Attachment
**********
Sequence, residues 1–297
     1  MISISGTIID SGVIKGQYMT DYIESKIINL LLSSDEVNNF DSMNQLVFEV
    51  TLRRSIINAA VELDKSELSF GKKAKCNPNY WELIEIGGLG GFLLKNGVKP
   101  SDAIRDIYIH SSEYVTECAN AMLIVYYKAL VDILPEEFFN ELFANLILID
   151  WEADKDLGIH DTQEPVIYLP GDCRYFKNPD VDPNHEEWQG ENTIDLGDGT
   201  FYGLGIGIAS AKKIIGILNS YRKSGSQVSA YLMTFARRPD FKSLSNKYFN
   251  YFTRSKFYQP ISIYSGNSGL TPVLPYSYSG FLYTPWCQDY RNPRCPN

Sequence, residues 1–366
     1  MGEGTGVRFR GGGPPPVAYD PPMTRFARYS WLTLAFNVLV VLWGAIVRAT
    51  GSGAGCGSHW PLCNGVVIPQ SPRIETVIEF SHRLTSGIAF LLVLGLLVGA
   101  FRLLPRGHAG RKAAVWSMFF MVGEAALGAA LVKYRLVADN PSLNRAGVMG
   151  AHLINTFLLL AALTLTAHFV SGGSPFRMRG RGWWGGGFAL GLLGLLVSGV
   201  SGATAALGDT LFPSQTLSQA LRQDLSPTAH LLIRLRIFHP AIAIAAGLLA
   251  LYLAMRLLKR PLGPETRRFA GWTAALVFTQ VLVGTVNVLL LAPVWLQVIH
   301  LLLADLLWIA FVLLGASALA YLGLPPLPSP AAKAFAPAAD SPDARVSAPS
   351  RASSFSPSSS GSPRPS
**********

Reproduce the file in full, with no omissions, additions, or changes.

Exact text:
Sequence, residues 1–297
     1  MISISGTIID SGVIKGQYMT DYIESKIINL LLSSDEVNNF DSMNQLVFEV
    51  TLRRSIINAA VELDKSELSF GKKAKCNPNY WELIEIGGLG GFLLKNGVKP
   101  SDAIRDIYIH SSEYVTECAN AMLIVYYKAL VDILPEEFFN ELFANLILID
   151  WEADKDLGIH DTQEPVIYLP GDCRYFKNPD VDPNHEEWQG ENTIDLGDGT
   201  FYGLGIGIAS AKKIIGILNS YRKSGSQVSA YLMTFARRPD FKSLSNKYFN
   251  YFTRSKFYQP ISIYSGNSGL TPVLPYSYSG FLYTPWCQDY RNPRCPN

Sequence, residues 1–366
     1  MGEGTGVRFR GGGPPPVAYD PPMTRFARYS WLTLAFNVLV VLWGAIVRAT
    51  GSGAGCGSHW PLCNGVVIPQ SPRIETVIEF SHRLTSGIAF LLVLGLLVGA
   101  FRLLPRGHAG RKAAVWSMFF MVGEAALGAA LVKYRLVADN PSLNRAGVMG
   151  AHLINTFLLL AALTLTAHFV SGGSPFRMRG RGWWGGGFAL GLLGLLVSGV
   201  SGATAALGDT LFPSQTLSQA LRQDLSPTAH LLIRLRIFHP AIAIAAGLLA
   251  LYLAMRLLKR PLGPETRRFA GWTAALVFTQ VLVGTVNVLL LAPVWLQVIH
   301  LLLADLLWIA FVLLGASALA YLGLPPLPSP AAKAFAPAAD SPDARVSAPS
   351  RASSFSPSSS GSPRPS